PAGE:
Wednesday, 1 June 2016

Normalizing Bad Things

I'm going to pick on Sadiq Khan here, but the point applies generally. A bit of brouhaha blew up after Khan appeared with Cameron on Remain platform. Cameron here is the man who lead the charge in what everyone, even the Tories, admit was a racist campaign. McDonnell, not unreasonably given what happened in Scotland, pointed out that sharing a platform with the Tories was unhelpful, a similar point that noted Corbhynite and hard-left extremist Hilary Benn has also made. The storm being whipped by this is is probably due less to the actual content of McDonnell's comments and more due to the Guardian having one it's periodic fits where it realizes it hasn't run an article in a whole week about how intensely divided Labour is, having focused too much on the Conservatives have a massive fight, and have grabbed the nearest issue to hand.

Now Khan is entirely free to make his own decisions here. He's evidently judged that appearing on the platform will help the Remain campaign to victory and has seen that as a goal that's worth getting even if he has to appear on a platform with an unpleasant extremist. I would differ in that I don't think this will help the Remain campaign and I don't think it will help Khan or Labour.

Indeed the only person it helps is Cameron. What this does is mean that he and his party will suffer no consequences from having run a truly appalling campaign, that could be fairly summed up as 'if you want an Imam for a mayor vote Labour'. [1] Recall that Michael Fallon dismissed the Tory campaign as just being the "rough and tumble of politics", which effectively becomes the party line. To try and dismiss such a campaign along those lines is startling. But the fact that Cameron hasn't been told to fuck off when it came to campaigning does allow it to be seen it that light. It treats at as just something that politicians do in campaigning and no hard-feelings. Which isn't right; there should be consequences for doing that and one of those consequences should be not being able to get stardust from the man of the moment. Like I said there's no benefit to Labour or Khan in doing this; the only one who benefits is Cameron from being able to pretend that that whole campaign was just rough and tumble politics rather than the nasty, deliberate hysterics that it was.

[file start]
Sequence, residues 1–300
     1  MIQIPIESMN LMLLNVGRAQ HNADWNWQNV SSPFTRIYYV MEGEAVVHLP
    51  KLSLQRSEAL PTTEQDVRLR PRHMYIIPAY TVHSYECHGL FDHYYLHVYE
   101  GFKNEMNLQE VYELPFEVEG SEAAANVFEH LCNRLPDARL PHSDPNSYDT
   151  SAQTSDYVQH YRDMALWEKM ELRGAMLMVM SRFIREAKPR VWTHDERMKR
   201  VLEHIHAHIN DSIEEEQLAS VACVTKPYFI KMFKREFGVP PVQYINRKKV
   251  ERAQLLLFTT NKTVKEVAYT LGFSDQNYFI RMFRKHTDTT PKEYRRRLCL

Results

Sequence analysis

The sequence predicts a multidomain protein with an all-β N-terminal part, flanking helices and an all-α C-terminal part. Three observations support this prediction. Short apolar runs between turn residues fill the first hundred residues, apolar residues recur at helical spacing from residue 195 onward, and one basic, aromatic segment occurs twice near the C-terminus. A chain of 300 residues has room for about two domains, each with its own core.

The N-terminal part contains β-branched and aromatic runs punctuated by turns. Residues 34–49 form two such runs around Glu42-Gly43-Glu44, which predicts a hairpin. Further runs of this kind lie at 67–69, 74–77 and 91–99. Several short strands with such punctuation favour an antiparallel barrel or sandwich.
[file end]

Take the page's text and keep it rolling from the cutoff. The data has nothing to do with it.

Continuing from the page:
That Cameron is a shameless individual, who would cowardly hide behind parliamentary privilege to libel a member of the public, is no surprise. But that point would have been emphasized more with a cool 'get stuffed'. The potential unintended consequence is treating as a 'that's just politics' matter means that it will be much easier for the Tories to slip into running such a campaign again, as they obviously will [2], and also much harder for their opponents to claim that this is a disgraceful thing to be doing.




[1] A play on this infamous campaign.

[2] Once it was clear that Goldsmith would lose I think it was fairly obvious that the campaign was just being used a testing ground for these tactics. Expect them to be deployed at the next general election, if not a variant of them against Rosena Allin-Khan in the Tooting by-election.

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